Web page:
Dating to the 1890s, Josiah Martin’s portrait depicts a young Maori woman named Susan from Rotarura, an area in the centre of New Zealand’s North Island initially settled by the Maori in the 14th century. In a tasselled cloak and with a feather in her long hair, Susan wears a large tiki around her neck and holds a carved flat greenstone club, all of which are typical accoutrements in Maori culture. A moko, or tattoo, has been inked into the negative. The photo is in many ways reminiscent of Gottfried Lindauer’s 1878 portrait of Pare Watane, today in the Auckland Art Gallery (fig. 1).
Fig. 1, Gottfried Lindhauer, Portrait of Pare Watane,
oil on canvas, 103 x 86 cm, Auckland Museum of Art
Susan, whose Maori name was Tuihana, was listed as a guide in the April 1910 Register of Native Guides in Government Reserves at Whakarewarewa, Rotura. Soon after the first missionaries and traders arrived in Rotorua, local Maori began to turn the inquisitiveness of the visitors to their advantage by showing them the geothermal environment. Under government control from 1894, the tourist industry became more developed from then onwards, and guiding became a formalised profession for local Maori women, though remained a seasonal activity, with brisker business in the summer months.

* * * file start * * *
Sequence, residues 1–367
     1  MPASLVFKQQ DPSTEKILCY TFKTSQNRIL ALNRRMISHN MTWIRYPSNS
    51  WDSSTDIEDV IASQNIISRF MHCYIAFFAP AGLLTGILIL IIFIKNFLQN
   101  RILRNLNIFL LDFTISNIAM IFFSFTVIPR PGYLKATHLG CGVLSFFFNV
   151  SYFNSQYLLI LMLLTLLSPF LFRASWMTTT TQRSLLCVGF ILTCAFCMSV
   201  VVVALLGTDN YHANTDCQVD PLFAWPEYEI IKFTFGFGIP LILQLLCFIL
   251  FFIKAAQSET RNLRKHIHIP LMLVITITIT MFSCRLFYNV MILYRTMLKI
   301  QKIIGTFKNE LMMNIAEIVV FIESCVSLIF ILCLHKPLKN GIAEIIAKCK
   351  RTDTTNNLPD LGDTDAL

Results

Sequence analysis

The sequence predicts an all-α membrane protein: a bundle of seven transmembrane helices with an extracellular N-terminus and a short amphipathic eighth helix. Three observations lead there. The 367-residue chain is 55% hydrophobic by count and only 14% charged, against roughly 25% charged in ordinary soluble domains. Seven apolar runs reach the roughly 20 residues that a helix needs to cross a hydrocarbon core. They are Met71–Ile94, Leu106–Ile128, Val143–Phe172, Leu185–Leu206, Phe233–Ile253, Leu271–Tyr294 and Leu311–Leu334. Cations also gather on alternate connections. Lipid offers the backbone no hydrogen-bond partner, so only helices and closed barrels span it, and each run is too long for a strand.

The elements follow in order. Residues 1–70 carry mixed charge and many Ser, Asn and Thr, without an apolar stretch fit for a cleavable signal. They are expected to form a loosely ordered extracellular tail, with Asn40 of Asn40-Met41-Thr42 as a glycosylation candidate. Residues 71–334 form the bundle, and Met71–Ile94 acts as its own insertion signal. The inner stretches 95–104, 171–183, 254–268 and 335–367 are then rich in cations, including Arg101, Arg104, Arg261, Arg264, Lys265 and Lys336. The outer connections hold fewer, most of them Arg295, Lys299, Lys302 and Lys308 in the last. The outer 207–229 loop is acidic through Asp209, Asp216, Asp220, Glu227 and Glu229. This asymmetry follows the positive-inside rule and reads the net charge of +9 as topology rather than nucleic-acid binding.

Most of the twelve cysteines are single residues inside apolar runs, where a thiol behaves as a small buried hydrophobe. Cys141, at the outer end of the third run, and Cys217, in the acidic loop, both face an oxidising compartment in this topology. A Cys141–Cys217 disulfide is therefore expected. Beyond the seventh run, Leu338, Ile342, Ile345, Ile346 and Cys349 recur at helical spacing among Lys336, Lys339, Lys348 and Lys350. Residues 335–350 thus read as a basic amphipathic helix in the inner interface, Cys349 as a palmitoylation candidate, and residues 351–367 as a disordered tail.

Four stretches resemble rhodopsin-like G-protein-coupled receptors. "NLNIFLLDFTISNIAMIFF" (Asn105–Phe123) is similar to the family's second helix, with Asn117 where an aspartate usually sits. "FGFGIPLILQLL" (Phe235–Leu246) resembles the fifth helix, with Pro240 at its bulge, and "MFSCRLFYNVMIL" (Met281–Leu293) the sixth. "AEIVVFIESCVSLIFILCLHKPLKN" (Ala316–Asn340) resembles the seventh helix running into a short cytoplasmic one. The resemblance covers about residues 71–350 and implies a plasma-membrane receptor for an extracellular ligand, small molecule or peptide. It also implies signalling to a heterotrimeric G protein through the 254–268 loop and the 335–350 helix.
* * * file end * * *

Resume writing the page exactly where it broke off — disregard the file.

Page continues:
Born in London, Martin worked initially in insurance and then the coal mining industry, before immigrating to New Zealand with his wife and daughter in 1867. Martin settled his family in Auckland where he founded a private academy in 1874, finding his first vocation as a gifted and innovative teacher. Failing health compelled him to resign his headmastership to focus on photography, in which field he quickly gained an international reputation for ethnological and topographic images from New Zealand and Polynesia. His photographs are very important records of late 19th-century New Zealand and can be found today in leading international institutions.
Susan appears in a second photograph by Martin, clearly taken at the same time. She appears with another guide, whose name is inscribed on the negative as ‘Ngapuia’.
Fig. 2, Josiah Martin, Portrait of Ngapiau and Susan,
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